“Yes,” Eileen says, squeezing her eyes shut, visualizing. She’s trying not to get distracted by the bubbles of gas she feels popping inside her abdomen.
“You have the power to manifest this of which you want so badly, Eileen. You have the power,” Skye says, her voice starting to beat in a rhythm, a sort of chant. She’d make a great cult leader.
“But do I, really?” Eileen asks, keeping her eyes closed and her hands upon Skye’s. “I mean, I’m a mere human. Although I’d like to think I do, I don’t really have control do I? I don’t really have the power to manifest what I want through visualization?”
“It’s thoughts like those, Eileen, that keep you from manifesting your dreams! You are giving off the energy into the world that you don’t believe, that you don’t want, that you’re not worthy. It’s not that the crystals or the sage doesn’t work. It’s that you don’t believe.”
Eileen takes a deep breath, as if she is trying to suck in Skye’s energy and release her own negative energy. “I believe now,” Eileen says. “But…” her voice reverts to that old skeptical, inquisitive tone. “I mean, it’s sort of a lot of pressure, don’t you think? To believe you have the power to control the universe. To think that you can get whatever you want, as long as you visualize it the right way? What about all the people living in poverty? Why can’t they get out of poverty? Are they just not visualizing hard enough? And what about all the people with cancer? Did they accidentally visualize that they got cancer?”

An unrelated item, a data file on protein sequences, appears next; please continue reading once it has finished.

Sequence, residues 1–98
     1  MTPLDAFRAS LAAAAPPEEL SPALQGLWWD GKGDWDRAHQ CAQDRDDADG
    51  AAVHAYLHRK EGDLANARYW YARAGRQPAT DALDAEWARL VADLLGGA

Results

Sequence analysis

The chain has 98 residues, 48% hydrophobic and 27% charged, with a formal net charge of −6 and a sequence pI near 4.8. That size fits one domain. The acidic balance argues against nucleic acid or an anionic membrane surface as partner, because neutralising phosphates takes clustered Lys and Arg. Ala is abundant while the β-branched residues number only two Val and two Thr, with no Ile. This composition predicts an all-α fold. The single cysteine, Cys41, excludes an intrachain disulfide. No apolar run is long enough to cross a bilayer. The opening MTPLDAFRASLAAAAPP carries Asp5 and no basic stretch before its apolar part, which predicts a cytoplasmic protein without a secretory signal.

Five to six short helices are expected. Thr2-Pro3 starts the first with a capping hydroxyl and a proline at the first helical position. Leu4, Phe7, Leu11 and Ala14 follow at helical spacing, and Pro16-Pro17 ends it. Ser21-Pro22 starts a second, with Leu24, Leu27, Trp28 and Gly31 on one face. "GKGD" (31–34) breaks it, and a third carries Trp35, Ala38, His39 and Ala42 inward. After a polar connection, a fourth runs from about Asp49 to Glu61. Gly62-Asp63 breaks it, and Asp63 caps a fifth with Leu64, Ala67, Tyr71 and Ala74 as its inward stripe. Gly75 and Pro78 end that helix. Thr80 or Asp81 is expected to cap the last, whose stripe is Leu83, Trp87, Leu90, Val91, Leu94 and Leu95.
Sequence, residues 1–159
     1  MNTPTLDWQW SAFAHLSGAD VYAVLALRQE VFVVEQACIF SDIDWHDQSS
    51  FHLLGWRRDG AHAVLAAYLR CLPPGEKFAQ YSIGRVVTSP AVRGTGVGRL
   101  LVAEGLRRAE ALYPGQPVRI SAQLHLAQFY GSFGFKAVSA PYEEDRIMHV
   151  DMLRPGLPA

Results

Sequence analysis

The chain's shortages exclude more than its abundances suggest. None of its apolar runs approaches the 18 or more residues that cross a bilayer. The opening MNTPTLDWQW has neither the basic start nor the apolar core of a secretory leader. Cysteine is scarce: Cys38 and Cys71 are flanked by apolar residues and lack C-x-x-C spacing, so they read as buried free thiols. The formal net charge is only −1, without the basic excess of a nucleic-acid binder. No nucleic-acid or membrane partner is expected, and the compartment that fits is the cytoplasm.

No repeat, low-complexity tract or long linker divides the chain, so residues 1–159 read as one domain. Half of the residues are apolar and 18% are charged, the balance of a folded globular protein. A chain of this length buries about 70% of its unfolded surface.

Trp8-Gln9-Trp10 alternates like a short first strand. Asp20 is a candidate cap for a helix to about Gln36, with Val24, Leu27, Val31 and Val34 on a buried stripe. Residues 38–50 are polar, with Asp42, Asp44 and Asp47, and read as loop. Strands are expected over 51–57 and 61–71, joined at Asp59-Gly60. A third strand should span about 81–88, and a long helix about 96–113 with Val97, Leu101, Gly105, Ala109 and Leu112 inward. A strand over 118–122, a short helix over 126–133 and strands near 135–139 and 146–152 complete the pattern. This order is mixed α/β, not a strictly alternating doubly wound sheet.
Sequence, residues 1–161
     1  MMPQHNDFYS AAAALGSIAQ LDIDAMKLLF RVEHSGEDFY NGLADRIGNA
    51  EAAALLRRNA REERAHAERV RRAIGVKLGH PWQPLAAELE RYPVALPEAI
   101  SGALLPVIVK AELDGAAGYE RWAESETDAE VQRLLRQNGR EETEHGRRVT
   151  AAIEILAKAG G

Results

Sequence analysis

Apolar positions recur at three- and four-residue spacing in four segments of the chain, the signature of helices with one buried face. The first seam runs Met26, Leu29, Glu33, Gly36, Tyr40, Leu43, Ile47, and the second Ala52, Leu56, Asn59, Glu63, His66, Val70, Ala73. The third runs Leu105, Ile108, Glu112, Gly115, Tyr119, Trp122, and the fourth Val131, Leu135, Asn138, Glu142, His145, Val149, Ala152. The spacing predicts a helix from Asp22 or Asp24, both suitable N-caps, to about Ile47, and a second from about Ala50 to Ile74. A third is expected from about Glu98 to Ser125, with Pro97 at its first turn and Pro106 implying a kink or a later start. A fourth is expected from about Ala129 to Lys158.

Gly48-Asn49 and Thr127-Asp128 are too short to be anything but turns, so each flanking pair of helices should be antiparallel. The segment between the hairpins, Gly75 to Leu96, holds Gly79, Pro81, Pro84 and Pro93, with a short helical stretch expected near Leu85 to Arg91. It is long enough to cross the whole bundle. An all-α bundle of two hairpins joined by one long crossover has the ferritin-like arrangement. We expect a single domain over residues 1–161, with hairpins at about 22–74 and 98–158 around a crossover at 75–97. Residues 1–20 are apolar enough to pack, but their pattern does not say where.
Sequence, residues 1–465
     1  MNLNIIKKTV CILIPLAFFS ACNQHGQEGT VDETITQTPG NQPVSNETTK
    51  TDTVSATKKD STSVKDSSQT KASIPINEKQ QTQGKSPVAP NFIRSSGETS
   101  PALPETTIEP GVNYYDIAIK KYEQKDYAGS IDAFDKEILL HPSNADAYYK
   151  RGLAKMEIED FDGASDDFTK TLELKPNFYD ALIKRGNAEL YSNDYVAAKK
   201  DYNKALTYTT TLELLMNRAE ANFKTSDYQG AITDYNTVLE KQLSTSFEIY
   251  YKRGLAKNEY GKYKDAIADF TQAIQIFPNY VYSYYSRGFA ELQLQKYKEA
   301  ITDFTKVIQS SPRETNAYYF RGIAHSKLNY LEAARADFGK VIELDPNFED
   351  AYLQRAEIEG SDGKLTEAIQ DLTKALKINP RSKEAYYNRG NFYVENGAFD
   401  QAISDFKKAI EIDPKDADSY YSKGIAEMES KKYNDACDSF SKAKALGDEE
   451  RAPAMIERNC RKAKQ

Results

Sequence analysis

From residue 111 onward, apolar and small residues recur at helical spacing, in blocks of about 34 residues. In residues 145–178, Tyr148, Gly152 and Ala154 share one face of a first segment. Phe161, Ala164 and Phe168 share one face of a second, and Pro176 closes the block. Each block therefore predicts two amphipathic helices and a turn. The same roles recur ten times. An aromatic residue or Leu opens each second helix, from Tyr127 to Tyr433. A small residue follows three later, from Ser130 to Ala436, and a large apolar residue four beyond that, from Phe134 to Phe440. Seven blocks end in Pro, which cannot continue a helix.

“It’s all about your energy, Eileen! If you give off bad energy, you will attract bad energy!” Now Skye’s voice is staring to raise an octave. So much for that Zen.
“So then, they deserve it, don’t they? It’s their fault they’re in containment camps and living in war torn countries? It’s their fault when they get molested and kidnapped? They’re not holding the right crystals when they visualize? Right, Skye?”
Skye opens her eyes, which are glowing angrily. Feeling this energy upon her, Eileen opens her own.